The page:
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Milk Thistle - The liver-healing power of silymarin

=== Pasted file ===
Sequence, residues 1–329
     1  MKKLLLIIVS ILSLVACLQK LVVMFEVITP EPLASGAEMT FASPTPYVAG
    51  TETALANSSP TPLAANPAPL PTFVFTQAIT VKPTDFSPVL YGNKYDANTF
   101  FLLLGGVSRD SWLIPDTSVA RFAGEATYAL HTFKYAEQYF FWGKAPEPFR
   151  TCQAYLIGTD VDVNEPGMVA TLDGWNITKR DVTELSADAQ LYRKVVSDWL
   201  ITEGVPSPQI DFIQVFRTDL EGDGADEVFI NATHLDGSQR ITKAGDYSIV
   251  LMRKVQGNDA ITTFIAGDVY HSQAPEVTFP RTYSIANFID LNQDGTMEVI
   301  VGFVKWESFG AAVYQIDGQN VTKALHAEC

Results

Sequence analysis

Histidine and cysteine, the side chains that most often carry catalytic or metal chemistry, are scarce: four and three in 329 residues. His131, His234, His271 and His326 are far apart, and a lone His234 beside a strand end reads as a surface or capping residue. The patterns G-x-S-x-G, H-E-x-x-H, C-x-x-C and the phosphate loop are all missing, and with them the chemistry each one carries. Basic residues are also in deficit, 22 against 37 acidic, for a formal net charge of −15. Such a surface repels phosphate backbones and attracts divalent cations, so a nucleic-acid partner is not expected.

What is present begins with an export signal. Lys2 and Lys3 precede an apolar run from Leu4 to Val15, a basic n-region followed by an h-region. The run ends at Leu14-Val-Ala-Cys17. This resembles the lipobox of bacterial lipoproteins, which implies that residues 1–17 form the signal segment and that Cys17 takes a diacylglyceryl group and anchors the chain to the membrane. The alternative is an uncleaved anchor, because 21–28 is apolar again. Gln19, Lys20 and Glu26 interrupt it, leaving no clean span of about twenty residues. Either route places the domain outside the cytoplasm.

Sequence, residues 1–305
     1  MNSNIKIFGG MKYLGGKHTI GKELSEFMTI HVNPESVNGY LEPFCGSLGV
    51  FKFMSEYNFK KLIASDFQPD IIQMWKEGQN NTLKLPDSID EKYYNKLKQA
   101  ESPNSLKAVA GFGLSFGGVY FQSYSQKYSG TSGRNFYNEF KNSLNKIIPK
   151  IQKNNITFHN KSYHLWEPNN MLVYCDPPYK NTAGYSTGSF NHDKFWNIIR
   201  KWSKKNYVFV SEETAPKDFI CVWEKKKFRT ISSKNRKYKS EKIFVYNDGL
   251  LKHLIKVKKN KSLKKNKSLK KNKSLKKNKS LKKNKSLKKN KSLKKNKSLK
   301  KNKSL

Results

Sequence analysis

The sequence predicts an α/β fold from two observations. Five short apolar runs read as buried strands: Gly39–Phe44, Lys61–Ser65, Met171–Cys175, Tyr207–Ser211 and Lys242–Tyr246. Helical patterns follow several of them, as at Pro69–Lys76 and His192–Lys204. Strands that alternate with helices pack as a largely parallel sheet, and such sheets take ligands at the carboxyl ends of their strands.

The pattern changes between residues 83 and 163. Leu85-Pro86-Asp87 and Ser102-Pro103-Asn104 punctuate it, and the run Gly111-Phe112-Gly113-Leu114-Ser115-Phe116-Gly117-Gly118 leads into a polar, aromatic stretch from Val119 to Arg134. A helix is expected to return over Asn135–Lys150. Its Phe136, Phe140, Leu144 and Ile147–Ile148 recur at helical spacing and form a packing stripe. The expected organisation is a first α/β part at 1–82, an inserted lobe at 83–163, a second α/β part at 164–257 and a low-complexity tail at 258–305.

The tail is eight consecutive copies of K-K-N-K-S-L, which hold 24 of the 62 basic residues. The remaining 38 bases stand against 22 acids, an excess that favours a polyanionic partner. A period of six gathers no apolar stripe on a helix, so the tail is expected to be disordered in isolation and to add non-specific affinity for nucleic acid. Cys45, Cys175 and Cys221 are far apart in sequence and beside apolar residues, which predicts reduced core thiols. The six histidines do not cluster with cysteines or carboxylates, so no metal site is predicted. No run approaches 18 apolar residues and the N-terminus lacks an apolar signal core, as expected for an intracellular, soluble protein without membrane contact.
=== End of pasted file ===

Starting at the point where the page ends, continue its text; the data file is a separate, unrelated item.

Milk Thistle, or more specifically its active constituent silymarin (or silibinin if you want to be completely accurate) has been used for many years in herbal medicine to treat a wide range of conditions. However, often promising herbs fail to stand up to scientific studies. In general, milk thistle is not one of these. While it treats or shows promise for a whole range of conditions from type 2 diabetes to depression, it is its effects on the liver which are the most dramatic. As Lee outlines in this quick, easy to read guide, if you have a damaged or impaired liver due to poor diet, drug & alcohol abuse or hepatitis, milk thistle should be one of your first lines of defense in the battle to repair the damage. Put simply, milk thistle is the single most potent supplement for liver cleansing and detox. Continuing the theme of distilling page after page of research into a quick reference guide he started in his guide to curcumin, James Lee has narrowed every important detail on milk thistle to - a) What is it? b) What does it treat? c) Are there side effects or toxic effects on the body? d) Does it interact with my existing medication? ˃˃˃ Along with certain other supplements such as N-acetylcysteine, Curcumin and Alpha Lipoic Acid, Milk Thistle is one of the few supplements which this author never goes without, to ensure he has a liver in perfect shape. All three of these supplements together provides you with an anti-aging, anti-depressive, liver detoxifying anti-inflammatory powerhouse.